Cyber risk is a reality, and just like any risk, businesses must find a way of managing this new exposure, he said. “By developing policies and procedures to identify and address the vulnerabilities in your system, you are preparing for what all businesses inevitably will face: a cyber security breach.”
Brian Lozada, director of information security, Abacus Group said the Chase breach “didn’t surprise me. It was a matter of time. These recent events are raising an awareness that cyber needs to be brought to the table on an executive level. Obviously, Russia isn’t going to admit they were involved. But they had the motive and they used cyber to get their message across. This was about the sanctions regarding Ukraine.”
“The $250 million that Chase will spend on cyber security is a major commitment, but how they allocate it is the next step,” said Lozada. “Any industry that is processing or storing consumer information is a target. Information is leverage. You need to identify your sensitive assets and all your third parties that have connections into your network or that you share sensitive information with. Target had their HVAC contractor have their credentials compromised and used to access the network.”
Russell Stern, CEO of Solarflare, saw firsthand what Chase is up against. “Last month, I attended the Chase tech summit in Menlo Park. Cybersecurity for most financial institutions seems to have an endless budget. The challenge for the banks is the evolution of cyber threats moving from hackers being disruptive to state-sponsored terrorist threats. The most attacks are generated from China and the United States is the number one receiver. The second country of origin is the United States and the second receiver is China.”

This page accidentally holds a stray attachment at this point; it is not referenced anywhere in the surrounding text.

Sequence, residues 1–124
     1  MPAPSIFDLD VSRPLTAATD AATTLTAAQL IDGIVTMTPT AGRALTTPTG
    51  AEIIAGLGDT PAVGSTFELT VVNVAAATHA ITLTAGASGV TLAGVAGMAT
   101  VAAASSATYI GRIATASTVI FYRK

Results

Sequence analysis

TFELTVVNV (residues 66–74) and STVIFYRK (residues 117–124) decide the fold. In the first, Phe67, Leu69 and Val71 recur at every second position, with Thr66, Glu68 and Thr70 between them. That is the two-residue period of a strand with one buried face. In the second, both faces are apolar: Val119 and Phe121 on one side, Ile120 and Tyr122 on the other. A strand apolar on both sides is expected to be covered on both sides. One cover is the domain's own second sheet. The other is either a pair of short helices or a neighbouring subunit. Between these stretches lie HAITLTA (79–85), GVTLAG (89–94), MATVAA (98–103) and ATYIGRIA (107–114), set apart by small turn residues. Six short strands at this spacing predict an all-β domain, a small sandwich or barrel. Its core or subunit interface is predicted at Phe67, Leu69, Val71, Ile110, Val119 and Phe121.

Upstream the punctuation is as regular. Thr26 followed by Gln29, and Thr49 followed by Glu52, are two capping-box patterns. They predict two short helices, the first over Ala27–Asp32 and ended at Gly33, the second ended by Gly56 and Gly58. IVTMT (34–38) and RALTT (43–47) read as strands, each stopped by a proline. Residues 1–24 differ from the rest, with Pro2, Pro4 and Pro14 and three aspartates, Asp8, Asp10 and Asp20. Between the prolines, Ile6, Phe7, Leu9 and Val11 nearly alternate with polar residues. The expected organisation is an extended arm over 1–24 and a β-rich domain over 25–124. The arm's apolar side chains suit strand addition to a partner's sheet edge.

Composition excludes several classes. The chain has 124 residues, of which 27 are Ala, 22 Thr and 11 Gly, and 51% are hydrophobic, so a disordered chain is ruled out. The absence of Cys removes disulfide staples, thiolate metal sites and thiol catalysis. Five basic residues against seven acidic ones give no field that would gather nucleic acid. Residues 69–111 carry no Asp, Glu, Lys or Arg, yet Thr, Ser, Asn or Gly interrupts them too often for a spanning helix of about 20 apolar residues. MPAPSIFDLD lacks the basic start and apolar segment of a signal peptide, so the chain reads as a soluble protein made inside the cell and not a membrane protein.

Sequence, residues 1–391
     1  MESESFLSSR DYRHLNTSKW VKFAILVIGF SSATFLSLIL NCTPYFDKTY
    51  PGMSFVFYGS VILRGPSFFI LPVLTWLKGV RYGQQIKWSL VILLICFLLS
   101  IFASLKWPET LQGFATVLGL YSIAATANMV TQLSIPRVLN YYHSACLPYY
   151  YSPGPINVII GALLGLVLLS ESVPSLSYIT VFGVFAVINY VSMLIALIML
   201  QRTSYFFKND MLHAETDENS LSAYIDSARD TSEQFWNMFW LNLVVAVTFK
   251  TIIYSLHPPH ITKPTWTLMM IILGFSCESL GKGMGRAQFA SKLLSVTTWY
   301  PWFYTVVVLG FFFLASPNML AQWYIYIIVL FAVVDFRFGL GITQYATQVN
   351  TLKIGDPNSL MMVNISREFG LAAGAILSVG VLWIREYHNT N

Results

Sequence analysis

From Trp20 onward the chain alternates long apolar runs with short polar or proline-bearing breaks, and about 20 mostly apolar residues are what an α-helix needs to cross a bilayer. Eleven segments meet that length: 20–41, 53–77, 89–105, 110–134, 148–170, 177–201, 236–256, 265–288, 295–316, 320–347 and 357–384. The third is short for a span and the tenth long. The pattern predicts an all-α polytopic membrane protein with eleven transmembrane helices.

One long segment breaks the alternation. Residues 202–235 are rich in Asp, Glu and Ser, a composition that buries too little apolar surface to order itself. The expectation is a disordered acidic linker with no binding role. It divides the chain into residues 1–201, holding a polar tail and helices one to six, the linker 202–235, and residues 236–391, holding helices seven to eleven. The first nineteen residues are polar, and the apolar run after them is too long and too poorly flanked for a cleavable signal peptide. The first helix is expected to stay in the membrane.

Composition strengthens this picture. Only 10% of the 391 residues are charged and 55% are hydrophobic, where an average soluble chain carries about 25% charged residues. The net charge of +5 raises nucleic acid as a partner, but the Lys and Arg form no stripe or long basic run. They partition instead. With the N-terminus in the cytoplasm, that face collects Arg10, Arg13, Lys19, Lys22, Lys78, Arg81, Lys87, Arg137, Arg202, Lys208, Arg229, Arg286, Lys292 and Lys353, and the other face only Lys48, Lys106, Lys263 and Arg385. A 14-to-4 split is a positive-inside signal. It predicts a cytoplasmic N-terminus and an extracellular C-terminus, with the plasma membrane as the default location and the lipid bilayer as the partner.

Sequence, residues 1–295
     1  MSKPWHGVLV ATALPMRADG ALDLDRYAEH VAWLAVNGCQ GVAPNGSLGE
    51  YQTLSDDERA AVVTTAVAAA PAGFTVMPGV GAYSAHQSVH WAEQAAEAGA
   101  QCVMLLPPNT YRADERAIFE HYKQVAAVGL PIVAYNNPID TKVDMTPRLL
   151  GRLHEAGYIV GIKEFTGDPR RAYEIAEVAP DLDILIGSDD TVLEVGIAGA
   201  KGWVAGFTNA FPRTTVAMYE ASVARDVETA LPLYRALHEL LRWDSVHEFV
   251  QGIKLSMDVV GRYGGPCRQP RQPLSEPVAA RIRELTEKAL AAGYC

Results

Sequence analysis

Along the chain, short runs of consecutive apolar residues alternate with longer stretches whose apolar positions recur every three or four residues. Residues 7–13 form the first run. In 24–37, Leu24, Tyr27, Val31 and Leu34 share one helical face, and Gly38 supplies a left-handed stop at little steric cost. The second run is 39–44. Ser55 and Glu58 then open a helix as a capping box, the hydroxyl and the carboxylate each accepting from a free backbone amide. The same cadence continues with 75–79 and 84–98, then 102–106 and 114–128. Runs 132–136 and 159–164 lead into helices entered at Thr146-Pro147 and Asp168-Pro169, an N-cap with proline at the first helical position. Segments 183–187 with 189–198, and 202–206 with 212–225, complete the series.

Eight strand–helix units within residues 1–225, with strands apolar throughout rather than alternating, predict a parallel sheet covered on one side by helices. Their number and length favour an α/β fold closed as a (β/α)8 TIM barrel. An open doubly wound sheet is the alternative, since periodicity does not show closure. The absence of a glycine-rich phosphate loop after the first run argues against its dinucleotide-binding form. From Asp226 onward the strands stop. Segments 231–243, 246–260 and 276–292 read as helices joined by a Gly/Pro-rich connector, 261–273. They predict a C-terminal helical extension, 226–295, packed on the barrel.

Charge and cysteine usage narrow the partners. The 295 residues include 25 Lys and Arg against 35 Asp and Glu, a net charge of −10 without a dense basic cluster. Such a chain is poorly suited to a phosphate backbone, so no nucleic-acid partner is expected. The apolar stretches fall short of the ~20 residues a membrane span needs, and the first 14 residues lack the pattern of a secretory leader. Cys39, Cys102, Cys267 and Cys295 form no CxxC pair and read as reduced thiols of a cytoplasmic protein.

Indeed, as Banking New York went to press, Reuters reported that the FBI warned U.S. businesses that hackers it believes to be backed by the Chinese government have recently launched attacks on U.S. companies. The document said that the agency recently obtained information regarding “a group of Chinese Government affiliated cyber actors who routinely steal high-value information from U.S. commercial and government networks through cyber espionage.” FBI spokesperson Josh Campell said, “The FBI has recently observed online intrusions that we attribute to Chinese government affiliated actors. Private sector security firms have also identified similar intrusions and have released defensive information related to those intrusions.”
“As for Chase, they just hired someone from the intelligence industry to head up cyber security,” said Stern. “To me, that is a sign to look at this differently than in the past. Chase was hit, in part, because of what they represent. But that doesn’t mean Bank of America or the other institutions aren’t in danger. Security devices tend to focus on perimeter security. A firewall is an example. It is like a security guard. Once you get past the guard, everything in the environment is open. If I can assemble a threat, I can get data out. At Solarflare, we can take security elements and drop them into every server in the environment. We are able to distribute security policy at every end point. This is like a war. You need layers of defense protecting you.”■